In 1988, she stood there in the flesh, dressed in blazing red, to formally declare Australia’s new Parliament House open.
Thirty-four years later, Sir William Dargie’s famous portrait of Queen Elizabeth II in a wattle-coloured gown was displayed at the centre of parliament’s Great Hall for the late monarch’s national memorial service.
It was an understated and distinctly Australian occasion, with little of the pageantry that accompanied the Queen’s funeral in London earlier in the week.
Melissa Doyle, the former host of Channel Seven’s Sunrise, was master of ceremonies; Australian Idol runner-up Anthony Callea sang the national anthem. The Australian Girls Choir performed the Queen’s wedding hymn, Psalm 23 (The Lord is My Shepherd).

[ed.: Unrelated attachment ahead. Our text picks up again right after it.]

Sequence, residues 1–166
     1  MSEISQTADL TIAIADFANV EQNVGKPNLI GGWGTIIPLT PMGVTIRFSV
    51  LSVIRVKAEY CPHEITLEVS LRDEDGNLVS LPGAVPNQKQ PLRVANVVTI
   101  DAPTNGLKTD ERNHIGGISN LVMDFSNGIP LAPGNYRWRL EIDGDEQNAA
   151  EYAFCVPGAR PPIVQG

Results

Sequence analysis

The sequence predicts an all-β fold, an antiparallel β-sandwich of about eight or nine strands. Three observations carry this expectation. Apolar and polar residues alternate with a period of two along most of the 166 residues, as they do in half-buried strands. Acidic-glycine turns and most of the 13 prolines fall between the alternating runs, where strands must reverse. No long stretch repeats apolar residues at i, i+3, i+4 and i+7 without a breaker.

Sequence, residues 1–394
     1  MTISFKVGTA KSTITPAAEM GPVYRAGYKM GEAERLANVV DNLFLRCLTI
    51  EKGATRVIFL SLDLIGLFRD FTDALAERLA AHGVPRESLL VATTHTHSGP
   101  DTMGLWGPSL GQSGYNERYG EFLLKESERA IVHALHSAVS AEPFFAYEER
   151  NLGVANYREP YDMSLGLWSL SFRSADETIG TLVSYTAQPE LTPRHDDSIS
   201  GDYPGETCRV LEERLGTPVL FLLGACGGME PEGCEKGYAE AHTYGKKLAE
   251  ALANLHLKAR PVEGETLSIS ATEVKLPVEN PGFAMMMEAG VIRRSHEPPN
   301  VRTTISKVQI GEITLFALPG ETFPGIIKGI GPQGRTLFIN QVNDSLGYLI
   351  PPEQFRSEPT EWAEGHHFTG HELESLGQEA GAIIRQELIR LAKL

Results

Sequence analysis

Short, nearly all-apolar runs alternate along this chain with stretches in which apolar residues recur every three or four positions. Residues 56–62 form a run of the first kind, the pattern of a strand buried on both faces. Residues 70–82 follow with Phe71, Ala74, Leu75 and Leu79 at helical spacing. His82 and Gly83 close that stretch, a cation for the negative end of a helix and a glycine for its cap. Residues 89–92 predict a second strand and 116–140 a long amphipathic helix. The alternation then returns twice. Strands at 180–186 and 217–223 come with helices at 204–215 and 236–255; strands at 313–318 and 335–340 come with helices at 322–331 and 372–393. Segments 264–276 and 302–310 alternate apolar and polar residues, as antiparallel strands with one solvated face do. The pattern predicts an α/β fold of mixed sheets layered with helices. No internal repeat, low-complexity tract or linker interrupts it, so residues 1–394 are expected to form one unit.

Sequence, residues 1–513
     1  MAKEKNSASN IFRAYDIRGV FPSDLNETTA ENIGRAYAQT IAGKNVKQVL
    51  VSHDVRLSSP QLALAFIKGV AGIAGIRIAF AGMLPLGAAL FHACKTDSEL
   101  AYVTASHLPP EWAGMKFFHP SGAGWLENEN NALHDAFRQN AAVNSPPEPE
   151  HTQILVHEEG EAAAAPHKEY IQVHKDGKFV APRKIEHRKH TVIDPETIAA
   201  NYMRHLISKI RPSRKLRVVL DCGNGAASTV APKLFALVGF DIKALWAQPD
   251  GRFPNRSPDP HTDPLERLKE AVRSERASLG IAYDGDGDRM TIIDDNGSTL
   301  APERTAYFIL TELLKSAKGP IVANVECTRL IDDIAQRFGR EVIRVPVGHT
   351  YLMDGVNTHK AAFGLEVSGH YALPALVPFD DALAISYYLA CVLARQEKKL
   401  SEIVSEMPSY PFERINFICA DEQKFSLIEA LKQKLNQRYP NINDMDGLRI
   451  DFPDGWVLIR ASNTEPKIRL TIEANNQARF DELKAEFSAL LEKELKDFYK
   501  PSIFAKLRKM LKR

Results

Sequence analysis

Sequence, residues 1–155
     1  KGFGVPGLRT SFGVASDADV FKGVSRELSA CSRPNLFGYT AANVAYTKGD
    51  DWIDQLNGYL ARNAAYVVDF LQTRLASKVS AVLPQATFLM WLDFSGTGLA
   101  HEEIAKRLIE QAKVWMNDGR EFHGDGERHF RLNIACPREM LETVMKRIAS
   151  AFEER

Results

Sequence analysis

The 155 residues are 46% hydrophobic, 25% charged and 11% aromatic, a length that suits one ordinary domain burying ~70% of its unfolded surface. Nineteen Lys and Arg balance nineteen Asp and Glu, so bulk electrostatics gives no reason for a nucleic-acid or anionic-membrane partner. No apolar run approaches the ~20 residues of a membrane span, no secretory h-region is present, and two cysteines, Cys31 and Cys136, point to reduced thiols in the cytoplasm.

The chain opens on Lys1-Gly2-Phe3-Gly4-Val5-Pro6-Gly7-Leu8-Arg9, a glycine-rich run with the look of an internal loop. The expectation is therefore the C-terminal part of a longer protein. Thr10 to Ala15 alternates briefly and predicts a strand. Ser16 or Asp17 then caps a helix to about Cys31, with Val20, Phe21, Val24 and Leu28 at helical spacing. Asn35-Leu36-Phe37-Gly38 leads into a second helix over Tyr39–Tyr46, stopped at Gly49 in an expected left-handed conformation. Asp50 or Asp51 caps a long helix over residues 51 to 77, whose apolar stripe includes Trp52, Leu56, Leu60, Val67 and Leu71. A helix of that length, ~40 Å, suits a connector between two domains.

Seated in the 700-strong invite-only crowd were High Court justices, premiers, defence chiefs and department secretaries. Chinese ambassador to Australia Xiao Qian was there, but no sign of his Russian counterpart.
Among former prime ministers, devoted republican Paul Keating was in the same row as monarchists John Howard and Scott Morrison, while Tony Abbott, who led the charge against an Australian republic in the 1990s, was notably absent.
Most of the current members of parliament were in attendance, but Greens senator Lidia Thorpe instead marched in an “abolish the monarchy” rally in Melbourne.
Sitting on the lawns outside on a gloomy Canberra day, a couple of hundred people gathered to watch the event on big screens. Michael and Eileen Smith, originally from Yorkshire, said they wanted to come to mark a “moment in history”.